washy, washy woman

The cruise promised luxury, a few days away from the ordinary routine of life and a break from responsibilities. It fulfilled the promise with one qualification. The smiling, energetic Asian woman greeting us at the entrance to the buffet dining room chanted, “Washy, washy.” She looked at each approaching diner with such a sense of humor, warmth and expectation that we really would want to cooperate that no one argued with her and that spray bottle of disinfectant.
She did not ask if we had washed our hands before coming to eat. With communication limited to one word in English, we could not protest. Nor could we go any further until we held out our hands for an administration of “washy, washy.” She made it such a game, such a joke we laughed and held out our hands for a “squirty, squirty” of “washy, washy” so that we could “rubbie, rubbie” our hands together.
We understood the necessity. Preceding our cruise, we read and heard story after story of guests confined to quarters as they contracted infections. The close quarters of a cruise ship serve as ideal petri dishes for sharing germs and viruses among the thousands of people on the ship. The cruise lines take pro-active measures to keep everyone onboard healthy, including gaining the full cooperation of their guests. Quickly, guests learned to anticipate and recognize the “washy, washy” woman and her infectious smile – not because we had any conversations with her … she was too busy greeting guests with her chant. Not because she put us on such a guilt trip … she made it too much of a joke or a game. We all knew her because she took a serious situation and made it fun.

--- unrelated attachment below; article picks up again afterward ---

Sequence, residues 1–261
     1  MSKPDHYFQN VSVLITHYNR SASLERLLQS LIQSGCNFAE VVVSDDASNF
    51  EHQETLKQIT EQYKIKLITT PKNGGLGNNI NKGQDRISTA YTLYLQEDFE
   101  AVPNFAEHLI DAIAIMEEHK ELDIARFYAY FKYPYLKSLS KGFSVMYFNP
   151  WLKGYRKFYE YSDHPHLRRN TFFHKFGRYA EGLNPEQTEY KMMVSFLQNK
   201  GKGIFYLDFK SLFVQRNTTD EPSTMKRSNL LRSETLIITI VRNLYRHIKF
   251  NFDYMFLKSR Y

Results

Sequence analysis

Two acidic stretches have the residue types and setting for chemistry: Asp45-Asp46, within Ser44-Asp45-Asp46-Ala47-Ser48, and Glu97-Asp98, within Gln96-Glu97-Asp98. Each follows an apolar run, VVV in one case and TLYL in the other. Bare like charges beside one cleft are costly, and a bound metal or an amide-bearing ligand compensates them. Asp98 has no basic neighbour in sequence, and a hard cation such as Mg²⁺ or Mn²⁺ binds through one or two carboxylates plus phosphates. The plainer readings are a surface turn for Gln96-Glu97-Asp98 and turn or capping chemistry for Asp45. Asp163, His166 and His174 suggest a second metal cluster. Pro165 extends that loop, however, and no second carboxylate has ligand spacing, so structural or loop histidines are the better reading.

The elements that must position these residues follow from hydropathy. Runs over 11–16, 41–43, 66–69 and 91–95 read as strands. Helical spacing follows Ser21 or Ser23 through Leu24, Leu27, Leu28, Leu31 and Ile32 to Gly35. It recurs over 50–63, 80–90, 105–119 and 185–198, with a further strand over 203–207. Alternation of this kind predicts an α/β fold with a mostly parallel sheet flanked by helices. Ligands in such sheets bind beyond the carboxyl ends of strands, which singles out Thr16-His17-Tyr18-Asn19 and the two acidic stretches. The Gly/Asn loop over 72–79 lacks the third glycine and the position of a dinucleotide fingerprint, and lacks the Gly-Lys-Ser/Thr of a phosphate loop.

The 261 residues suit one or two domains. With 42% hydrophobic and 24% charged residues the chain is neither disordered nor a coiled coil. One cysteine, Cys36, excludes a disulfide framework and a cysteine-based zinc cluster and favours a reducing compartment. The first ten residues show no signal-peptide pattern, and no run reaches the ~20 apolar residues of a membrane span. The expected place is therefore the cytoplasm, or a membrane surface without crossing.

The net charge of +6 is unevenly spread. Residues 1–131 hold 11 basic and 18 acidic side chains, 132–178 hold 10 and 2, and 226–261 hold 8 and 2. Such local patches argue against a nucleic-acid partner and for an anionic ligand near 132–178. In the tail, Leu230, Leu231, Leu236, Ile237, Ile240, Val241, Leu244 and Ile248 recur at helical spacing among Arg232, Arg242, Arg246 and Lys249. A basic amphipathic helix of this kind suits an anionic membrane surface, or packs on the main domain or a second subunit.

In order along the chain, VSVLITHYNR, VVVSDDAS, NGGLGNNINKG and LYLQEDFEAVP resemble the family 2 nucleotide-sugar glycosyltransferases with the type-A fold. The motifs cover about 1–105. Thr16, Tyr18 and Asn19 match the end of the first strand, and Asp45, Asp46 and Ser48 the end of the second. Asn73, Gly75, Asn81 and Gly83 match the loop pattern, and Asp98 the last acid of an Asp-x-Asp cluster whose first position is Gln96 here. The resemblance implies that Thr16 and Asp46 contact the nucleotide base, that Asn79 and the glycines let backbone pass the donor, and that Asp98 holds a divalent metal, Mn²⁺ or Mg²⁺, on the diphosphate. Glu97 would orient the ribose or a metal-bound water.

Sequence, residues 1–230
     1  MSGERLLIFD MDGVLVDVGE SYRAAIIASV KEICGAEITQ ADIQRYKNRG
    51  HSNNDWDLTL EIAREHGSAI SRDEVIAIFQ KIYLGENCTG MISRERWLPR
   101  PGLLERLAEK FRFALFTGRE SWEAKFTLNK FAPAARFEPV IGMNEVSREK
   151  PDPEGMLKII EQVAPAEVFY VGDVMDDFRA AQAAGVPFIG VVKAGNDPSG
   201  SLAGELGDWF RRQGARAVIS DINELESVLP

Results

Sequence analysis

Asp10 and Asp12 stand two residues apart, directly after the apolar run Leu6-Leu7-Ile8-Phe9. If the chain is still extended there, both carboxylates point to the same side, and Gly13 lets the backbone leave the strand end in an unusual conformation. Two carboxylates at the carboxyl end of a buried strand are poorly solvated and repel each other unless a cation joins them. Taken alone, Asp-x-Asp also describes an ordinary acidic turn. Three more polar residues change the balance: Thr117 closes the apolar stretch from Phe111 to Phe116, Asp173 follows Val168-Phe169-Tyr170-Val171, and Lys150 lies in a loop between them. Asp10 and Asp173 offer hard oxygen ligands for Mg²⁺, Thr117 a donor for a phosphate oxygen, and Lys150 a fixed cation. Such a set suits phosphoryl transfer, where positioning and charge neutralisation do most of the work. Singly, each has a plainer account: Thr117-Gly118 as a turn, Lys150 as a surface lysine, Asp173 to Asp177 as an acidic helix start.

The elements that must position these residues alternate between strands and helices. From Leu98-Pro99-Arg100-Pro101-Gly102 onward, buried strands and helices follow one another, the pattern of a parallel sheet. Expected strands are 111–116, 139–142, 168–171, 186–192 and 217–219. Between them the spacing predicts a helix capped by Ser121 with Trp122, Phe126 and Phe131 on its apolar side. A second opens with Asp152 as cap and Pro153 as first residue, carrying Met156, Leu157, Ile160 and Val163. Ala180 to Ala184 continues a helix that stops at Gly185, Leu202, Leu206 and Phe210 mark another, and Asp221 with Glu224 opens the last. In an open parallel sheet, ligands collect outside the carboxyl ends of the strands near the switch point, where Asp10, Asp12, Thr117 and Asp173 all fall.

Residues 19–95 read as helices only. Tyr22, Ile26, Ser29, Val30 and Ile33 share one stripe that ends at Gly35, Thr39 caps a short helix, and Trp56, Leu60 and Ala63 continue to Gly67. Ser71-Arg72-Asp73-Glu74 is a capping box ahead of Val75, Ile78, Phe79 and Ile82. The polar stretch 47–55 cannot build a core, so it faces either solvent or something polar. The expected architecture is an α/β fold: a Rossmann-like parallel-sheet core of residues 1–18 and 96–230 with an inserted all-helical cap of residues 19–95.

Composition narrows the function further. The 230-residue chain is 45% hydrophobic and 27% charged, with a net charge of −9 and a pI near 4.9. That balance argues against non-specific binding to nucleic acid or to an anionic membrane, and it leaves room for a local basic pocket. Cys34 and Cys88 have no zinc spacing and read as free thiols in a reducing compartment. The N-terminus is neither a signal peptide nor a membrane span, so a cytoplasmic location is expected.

With the dining hall open from sunrise to long past sunset, other crew members shared the task with the “washy, washy” woman. Some meals a more subdued woman greeted us with the spray bottle. Sometimes a pair of middle-aged men entertained us. One played a guitar and occasionally sang while the other held out the ubiquitous spray bottle. They did not chant “washy, washy,” they just smiled and played and the one with the bottle waited for us to hold out our hands. Guests smiled anyway and said the magical words “washy, washy” before entering the buffet. No matter who held the ubiquitous bottle of disinfectant, everyone cooperated.
Those who did not want to contend with the spray bottle could go to the other eateries. Only the entrance to the buffet dining hall had “washy, washy” greeters. The formal dining hall, the coffee shop and lounge offered a discrete reminder with dispensers of cleansing gel mounted on either side of the doors, but no one pointed guests to use them. With the subdued atmosphere and hostesses taking our names and numbers as they looked for a dining table to assign us, a more adult atmosphere prevailed. No one needed to remind guests of proper hygiene. Obviously anyone entering that room would know they needed to wash their hands, but if not, the only ones handling the food would be the wait staff who took our orders and brought us covered dishes of food and the carefully trained kitchen staff.
I enjoyed the peaceful atmosphere of the formal dining areas, but like the majority of customers I made it through the buffet lines at least once a day if only to sample the desserts at the midnight buffet of chocolate.
The young woman with the big smile and simple greeting became the icon of the ship. The last night’s program included the crew and staff parading across the stage or smiling at us from the video screen behind them. When the video showed the “washy, washy lady,” the audience roared. Everyone knew her. Few had had conversations with her but everyone enjoyed her enthusiasm, warm greeting and cheerful insistence on hygiene as if it were the biggest joke of all. Her smile and warmth made her the most popular person on a ship filled with staff, many who probably earned much more than she did, but none known to more or enjoyed more than she.
Sometimes, that’s all it takes to let people know you see them – a large, warm smile of welcome, a familiar chant in a cheerful voice and one simple lesson, “washy, washy before you eat.”